About: Amorphous solid is a(n) research topic. Over the lifetime, 117050 publication(s) have been published within this topic receiving 2267692 citation(s).
Abstract: The optical constants of amorphous Ge are determined for the photon energies from 0.08 to 1.6 eV. From 0.08 to 0.5 eV, the absorption is due to k-conserving transitions of holes between the valence bands as in p-type crystals; the spin-orbit splitting is found to be 0.20 and 0.21 eV in non-annealed, and annealed samples respectively. The effective masses of the holes in the three bands are 0.49 m (respectively 0.43 m); 0.04 m, and 0.08 m. An absorption band is observed below the main absorption edge (at 300 °K the maximum of this band is at 0.86 eV); the absorption in this band increases with increasing temperature. This band is considered to be due to excitons bound to neutral acceptors, and these are presumably the same ones that play a decisive role in the transport properties and which are considered to be associated with vacancies. The absorption edge has the form: ω2ϵ2∼(hω−Eg)2 (Eg = 0.88 eV at 300 °K). This suggests that the optical transitions conserve energy but not k vector, and that the densities of states near the band extrema have the same energy-dependence as in crystalline Ge. A simple theory describing this situation is proposed, and comparison of it with the experimental results leads to an estimate of the localization of the conduction-band wavefunctions.
01 Jan 1954-
Topics: Electron backscatter diffraction (72%), Selected area diffraction (69%), Reflection high-energy electron diffraction (68%) ...read more
01 Jul 1955-Journal of the American Chemical Society
Akihisa Inoue1•Institutions (1)
01 Jan 2000-Acta Materialia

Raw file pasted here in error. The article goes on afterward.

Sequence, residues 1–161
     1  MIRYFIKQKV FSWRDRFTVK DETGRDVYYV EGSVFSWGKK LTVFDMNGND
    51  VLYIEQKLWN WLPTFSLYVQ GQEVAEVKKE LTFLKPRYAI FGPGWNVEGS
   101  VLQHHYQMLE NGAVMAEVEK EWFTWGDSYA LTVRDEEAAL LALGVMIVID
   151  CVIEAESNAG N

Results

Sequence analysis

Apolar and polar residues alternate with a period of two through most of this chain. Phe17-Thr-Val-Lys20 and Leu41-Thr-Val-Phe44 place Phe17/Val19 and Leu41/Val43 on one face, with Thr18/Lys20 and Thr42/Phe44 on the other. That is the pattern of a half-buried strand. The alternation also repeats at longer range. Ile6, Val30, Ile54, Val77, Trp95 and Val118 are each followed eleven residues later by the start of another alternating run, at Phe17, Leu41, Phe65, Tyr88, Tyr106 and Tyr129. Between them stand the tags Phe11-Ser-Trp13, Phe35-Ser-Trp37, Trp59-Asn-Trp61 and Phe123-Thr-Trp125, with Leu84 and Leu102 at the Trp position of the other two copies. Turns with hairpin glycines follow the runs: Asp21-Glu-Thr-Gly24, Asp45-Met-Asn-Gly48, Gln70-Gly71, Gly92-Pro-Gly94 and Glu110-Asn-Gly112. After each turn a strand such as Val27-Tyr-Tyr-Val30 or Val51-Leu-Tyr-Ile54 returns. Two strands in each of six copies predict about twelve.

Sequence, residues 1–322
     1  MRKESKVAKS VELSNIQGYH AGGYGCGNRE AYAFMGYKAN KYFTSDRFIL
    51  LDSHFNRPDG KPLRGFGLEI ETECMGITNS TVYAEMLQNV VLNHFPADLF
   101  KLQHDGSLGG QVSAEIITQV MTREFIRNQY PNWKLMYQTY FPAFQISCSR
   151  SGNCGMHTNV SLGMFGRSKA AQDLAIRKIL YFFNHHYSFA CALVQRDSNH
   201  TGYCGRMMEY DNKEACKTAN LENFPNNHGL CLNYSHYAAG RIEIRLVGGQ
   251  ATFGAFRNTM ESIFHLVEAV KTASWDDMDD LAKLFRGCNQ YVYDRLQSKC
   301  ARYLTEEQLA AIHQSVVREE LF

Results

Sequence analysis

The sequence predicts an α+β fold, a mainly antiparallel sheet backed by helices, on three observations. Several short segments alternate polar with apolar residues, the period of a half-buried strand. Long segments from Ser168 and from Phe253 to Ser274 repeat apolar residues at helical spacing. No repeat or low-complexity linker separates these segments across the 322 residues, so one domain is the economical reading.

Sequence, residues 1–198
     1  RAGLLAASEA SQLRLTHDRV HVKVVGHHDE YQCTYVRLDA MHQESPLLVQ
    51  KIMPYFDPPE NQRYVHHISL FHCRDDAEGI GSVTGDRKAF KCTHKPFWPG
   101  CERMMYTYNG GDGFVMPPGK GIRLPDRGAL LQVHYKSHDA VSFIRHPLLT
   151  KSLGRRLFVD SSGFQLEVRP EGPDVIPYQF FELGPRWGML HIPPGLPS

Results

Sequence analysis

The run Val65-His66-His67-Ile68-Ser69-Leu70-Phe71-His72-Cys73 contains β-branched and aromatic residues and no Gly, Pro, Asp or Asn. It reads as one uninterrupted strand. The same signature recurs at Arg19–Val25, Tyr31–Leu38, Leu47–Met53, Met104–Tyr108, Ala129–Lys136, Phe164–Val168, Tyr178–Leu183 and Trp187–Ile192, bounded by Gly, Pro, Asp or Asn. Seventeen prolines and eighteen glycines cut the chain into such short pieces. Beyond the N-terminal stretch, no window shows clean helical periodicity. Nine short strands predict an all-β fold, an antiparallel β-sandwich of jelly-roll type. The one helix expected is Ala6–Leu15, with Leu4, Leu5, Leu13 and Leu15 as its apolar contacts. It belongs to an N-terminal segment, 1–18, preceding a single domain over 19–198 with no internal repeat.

Abstract: Bulk metallic materials have ordinarily been produced by melting and solidification processes for the last several thousand years. However, metallic liquid is unstable at temperatures below the melting temperature and solidifies immediately into crystalline phases. Consequently, all bulk engineering alloys are composed of a crystalline structure. Recently, this common concept was exploded by the findings of the stabilization phenomenon of the supercooled liquid for a number of alloys in the Mg-, lanthanide-, Zr-, Ti-, Fe-, Co-, Pd-Cu- and Ni-based systems. The alloys with the stabilized supercooled liquid state have three features in their alloy components, i.e. multicomponent systems, significant atomic size ratios above 12%, and negative heats of mixing. The stabilization mechanism has also been investigated from experimental data of structure analyses and fundamental physical properties. The stabilization has enabled the pro- duction of bulk amorphous alloys in the thickness range of 1-100 mm by using various casting processes. Bulk amorphous Zr-based alloys exhibit high mechanical strength, high fracture toughness and good cor- rosion resistance and have been used for sporting goods materials. The stabilization also leads to the appearance of a large supercooled liquid region before crystallization and enables high-strain rate super- plasticity through Newtonian flow. The new Fe- and Co-based amorphous alloys exhibit a large super- cooled liquid region and good soft magnetic properties which are characterized by low coercive force and high permeability. Furthermore, homogeneous dispersion of nanoscale particles into Zr-based bulk amor- phous alloys was found to cause an improvement of tensile strength without detriment to good ductility. The discovery of the stabilization phenomenon, followed by the clarification of the stabilization criteria of the supercooled liquid, will promise the future definite development of bulk amorphous alloys as new basic science and engineering materials. # 2000 Acta Metallurgica Inc. Published by Elsevier Science Ltd. All rights reserved.
01 Jan 1974-
Abstract: 1 The Nature of the Amorphous State.- 2 Structure of Amorphous Semi-conductors.- 3 Electronic Structure of Disordered Materials.- 4 Optical Properties of Amorphous Semiconductors.- 5 Electronic Properties of Amorphous Semiconductors.- 6 Switching and Memory in Amorphous Semiconductors.- 7 Structure and Electronic Properties of Liquid Semiconductors.